The distribution of music has changed drastically over the past 10-15 years and many bands and artists are no longer affiliated with any labels, managers, or anything like that. Nowadays, you can release your own material digitally in a matter of seconds, but it can be extremely difficult to actually get people to notice your music because they are flooded with options and alternatives. What are some of your thoughts on this?
Ronaldo: Well, that is a difficult question to answer. Despite some negative aspects regarding the phonographic industry practices, the majors in the past invested money, time, and efforts in certain bands and artists in order to promote their music. It was legitimate that they earned tons of money, because they invested money and knew what to do to promote a song/album. After some decades, they began to be more and more aggressive and force the bands to produce “easy music” in no time at all and then expected higher and higher paybacks. But there was one impressive thing that they managed to do: they made the music known to people on a very large scale. Today, musicians (especially the good and talented musicians) don’t have the possibility to reach the same level or structure of music distribution, because the MP3 and some other market aspects destroyed the chain distribution of music as it existed. The musician today should play and also be his or her own promoter, competing with an infinite number of other musicians doing the exact same thing, which is a totally unfavorable position to be in when you think about it. There are many people playing music trying to get known more or less the same way (without an effective and large-scale structure of distribution) and with very little interest in discovering or coming up with new things in music. The Internet was a “lie” to a certain degree with respect to being an effective tool for a band get known. You must have high quality music to begin with and and plenty of luck along the way in order to attain something positive. However, I’m positive and I think that the situation will be not the same in the future. Fortunately, some guys still believe in physical formats and right now we are experiencing the many positive aspects of our fine partnership with Karisma Records who support and handle the promotion of our latest album.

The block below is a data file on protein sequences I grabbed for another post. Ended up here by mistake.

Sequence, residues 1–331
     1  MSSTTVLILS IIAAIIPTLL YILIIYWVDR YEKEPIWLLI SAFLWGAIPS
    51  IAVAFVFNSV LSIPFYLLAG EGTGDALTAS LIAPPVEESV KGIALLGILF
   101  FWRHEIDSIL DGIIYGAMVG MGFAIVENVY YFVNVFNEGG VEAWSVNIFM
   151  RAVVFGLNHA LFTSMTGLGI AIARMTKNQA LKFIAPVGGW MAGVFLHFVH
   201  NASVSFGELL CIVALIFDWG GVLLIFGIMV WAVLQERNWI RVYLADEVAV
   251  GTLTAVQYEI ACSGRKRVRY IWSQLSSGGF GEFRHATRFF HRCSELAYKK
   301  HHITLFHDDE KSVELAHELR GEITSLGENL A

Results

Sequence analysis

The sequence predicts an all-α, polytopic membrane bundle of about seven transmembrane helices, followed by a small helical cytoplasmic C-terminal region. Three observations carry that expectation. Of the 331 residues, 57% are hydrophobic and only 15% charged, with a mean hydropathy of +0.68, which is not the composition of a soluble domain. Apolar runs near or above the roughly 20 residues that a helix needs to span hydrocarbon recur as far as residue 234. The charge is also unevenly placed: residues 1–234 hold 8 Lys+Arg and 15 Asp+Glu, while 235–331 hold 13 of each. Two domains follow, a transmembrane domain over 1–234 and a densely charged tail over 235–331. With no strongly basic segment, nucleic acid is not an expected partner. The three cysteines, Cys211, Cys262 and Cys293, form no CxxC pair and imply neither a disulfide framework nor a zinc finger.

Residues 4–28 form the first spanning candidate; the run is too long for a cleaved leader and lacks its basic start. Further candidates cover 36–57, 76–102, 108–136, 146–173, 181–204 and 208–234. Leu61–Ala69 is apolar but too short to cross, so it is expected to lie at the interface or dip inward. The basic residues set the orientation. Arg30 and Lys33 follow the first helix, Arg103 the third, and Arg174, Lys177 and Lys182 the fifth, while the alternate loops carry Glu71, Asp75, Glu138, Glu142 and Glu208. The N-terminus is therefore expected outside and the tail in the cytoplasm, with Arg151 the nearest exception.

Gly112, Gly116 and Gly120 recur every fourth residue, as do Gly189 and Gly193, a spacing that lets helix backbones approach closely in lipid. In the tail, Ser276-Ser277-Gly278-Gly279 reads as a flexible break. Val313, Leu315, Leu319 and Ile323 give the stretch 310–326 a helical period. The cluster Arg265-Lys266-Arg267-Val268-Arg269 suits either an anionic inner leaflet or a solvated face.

What are you guys currently up to in terms of band activities? Are you by any chance composing and writing new material these days? Will Karisma Records be involved in the release of your next LP? Speaking of which, are you happy with your cooperation with Karisma so far?
Ronaldo: We have a concert booked next month, more specifically a great local prog rock festival here in Brazil, and on top of that, we are writing new songs. Two new songs will be presented at the aforementioned concert and we are working on others at the moment too. Our plan is to record the next album in the first semester of 2020. That one will also be released by Karisma Records.
Are there any talks of coming over to Scandinavia and the rest of mainland Europe to tour at some point? I think your particular brand of fiery and vibrant prog rock would blow people away over here in Norway 😊
Ronaldo: Nothing concrete until now, but we would love to come to Europe soon and do some gigs and appearances over there. It will be a dream come true for us and certainly a pleasure to present our music to another audience.
Thanks once again for taking the time to answer this interview – much appreciated. Any final words to our faithful and devoted readers out there?
Ronaldo: Thanks for the opportunity to talk to RAMzine. You do a great job for music. I recommend that your readers follow our Facebook page and also check out our albums on the different streaming services out there in today’s digital market.